Ethics Paper on Artificial intelligence

Artificial intelligence

Technology has made an indelible mark on human life. Its impacts on humanity have been both negative and positive in equal measure. Ranging from ease in communication, tracking and security, to spying and breaches in privacy, technology has demystified and exposed every cranny of human existence. Secrets are no longer safe, especially with digital devices, which can be remotely controlled and manipulated at will. Research is however, still rife and growth opportunities and potential in technology is immense.

In spite of the timely integration of artificial intelligence in business, manufacturing and the transport industry, particularly motor vehicle manufacturing industry, various concerns need to be addressed.  Automatic cars enable the drivers to complete multiple tasks while driving under the help of computer programs. These programs not only steer the vehicle but require pertinent user information including, real time locations which can be used, covertly, to predict an individual’s routine (Chin, 2014). Additionally remote access and control of these vehicles can instigate several malicious but unnoticeable accident trends by the manufacturers. Manufacturers are then faced with the ethical question of whether artificial intelligence integration in vehicle transport is of age and safe.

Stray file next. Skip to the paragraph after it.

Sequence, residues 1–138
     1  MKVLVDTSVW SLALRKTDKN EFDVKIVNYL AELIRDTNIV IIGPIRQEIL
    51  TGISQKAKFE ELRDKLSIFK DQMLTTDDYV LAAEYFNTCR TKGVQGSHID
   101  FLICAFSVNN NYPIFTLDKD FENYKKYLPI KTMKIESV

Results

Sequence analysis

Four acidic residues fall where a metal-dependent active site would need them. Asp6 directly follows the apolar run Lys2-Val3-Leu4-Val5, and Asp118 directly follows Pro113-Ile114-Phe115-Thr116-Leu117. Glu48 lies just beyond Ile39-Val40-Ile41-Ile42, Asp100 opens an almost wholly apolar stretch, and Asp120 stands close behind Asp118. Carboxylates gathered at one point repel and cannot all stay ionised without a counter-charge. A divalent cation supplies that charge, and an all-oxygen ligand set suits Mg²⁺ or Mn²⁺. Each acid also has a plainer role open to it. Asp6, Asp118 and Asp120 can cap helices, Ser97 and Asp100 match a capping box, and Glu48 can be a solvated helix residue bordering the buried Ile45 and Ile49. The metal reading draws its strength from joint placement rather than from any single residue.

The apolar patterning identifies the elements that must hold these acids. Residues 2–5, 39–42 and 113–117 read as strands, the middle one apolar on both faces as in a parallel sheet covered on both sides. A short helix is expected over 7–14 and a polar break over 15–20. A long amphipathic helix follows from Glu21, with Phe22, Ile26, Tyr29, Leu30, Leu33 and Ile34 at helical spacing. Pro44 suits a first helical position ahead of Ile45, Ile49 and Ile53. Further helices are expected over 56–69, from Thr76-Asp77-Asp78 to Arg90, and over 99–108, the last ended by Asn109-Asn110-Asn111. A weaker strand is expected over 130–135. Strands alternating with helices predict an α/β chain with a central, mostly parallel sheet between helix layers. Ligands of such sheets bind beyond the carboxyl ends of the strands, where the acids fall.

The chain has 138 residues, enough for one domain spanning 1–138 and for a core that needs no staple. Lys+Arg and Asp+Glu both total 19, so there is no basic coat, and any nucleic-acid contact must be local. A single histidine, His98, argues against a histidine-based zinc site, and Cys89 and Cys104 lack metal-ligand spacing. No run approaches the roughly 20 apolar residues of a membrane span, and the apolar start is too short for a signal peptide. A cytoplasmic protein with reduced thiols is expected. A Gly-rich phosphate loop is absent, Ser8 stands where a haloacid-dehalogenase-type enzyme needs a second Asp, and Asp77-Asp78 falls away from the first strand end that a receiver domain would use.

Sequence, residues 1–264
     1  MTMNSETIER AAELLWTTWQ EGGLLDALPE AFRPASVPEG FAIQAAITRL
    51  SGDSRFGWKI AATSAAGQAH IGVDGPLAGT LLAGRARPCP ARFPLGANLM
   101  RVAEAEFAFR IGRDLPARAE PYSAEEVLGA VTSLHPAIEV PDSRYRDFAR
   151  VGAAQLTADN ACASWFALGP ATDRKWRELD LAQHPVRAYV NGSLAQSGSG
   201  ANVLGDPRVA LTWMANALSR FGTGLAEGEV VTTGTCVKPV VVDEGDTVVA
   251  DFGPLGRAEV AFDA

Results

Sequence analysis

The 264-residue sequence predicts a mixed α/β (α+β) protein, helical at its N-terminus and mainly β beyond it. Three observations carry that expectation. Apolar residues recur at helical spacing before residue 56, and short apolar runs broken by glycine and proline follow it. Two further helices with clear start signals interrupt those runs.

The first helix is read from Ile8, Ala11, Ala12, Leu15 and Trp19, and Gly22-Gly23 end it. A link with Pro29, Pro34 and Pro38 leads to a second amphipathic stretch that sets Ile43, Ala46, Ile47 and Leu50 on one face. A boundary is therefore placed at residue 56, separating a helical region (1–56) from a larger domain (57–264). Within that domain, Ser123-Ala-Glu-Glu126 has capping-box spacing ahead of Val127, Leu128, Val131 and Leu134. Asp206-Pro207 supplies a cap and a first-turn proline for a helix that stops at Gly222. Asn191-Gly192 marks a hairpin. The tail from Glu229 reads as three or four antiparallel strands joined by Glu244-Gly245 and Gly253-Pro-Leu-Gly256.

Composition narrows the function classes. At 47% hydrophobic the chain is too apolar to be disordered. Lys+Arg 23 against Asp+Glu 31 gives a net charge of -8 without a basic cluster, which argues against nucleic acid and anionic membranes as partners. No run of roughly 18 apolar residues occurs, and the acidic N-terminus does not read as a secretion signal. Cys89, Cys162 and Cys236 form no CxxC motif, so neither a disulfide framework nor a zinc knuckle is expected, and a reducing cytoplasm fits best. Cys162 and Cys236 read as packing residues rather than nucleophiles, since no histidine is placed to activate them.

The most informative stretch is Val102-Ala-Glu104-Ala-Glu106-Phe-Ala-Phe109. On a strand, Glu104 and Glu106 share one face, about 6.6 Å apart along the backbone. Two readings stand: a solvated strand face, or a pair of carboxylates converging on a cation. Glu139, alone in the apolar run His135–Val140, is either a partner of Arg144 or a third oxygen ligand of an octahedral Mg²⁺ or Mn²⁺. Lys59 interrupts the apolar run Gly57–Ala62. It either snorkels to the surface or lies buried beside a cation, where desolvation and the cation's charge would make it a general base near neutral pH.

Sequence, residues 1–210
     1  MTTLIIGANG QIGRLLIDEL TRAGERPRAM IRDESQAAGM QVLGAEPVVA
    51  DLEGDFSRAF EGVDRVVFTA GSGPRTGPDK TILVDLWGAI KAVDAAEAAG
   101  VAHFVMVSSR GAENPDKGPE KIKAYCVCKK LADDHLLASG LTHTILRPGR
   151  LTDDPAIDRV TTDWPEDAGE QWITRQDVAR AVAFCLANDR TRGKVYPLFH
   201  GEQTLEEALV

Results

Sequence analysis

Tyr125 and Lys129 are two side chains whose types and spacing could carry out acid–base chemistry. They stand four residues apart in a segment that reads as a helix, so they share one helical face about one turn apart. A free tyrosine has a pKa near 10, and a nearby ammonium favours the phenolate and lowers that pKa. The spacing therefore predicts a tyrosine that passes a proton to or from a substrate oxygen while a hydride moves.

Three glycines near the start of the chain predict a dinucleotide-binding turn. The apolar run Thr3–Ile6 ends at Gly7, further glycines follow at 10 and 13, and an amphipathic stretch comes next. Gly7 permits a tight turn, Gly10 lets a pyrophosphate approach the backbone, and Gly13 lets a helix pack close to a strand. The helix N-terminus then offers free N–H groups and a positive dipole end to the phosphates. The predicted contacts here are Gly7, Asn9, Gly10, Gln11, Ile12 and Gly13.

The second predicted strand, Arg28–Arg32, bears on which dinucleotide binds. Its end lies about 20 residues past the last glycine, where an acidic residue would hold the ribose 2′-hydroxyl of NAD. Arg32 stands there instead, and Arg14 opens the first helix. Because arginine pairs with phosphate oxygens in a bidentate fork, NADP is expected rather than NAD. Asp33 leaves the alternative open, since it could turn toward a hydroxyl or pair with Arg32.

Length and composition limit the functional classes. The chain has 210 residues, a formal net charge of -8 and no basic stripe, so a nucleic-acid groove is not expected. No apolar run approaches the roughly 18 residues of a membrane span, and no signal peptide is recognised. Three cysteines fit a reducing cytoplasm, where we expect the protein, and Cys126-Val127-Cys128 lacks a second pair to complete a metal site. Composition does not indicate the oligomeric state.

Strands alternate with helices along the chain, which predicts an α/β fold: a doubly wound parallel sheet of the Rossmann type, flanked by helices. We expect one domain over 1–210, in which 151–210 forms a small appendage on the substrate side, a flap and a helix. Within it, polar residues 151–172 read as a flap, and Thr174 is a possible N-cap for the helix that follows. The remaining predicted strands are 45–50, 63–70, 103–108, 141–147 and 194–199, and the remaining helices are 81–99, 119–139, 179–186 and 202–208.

Artificial intelligence may appear trendy, but should never be accorded with unsupervised autonomy in management of human and social issues. Like any machine or program, artificial intelligence is prone to cyclic internally generated noise. Chin notes that delegating decisions native to human beings to machines eliminates a sense of responsibility and accountability. He further notes that in the event of an accident, who should be held responsible? (Chin, 2014). Furthermore split-second decisions based on situational assessment of cannot be executed by machines (Brunstein , 2014). Such situations include choosing among multiple inescapable fatality situations.



Brunstein , J. (2014). Self-driving cars will mean more traffic. Retrieved from Bloomberg:        more-traffic

Chin, R. (2014). Driverless cars- the future of transport in cities ? (T. Guardian, Producer)             Retrieved from http://www.the          vehicles-future-car-sharing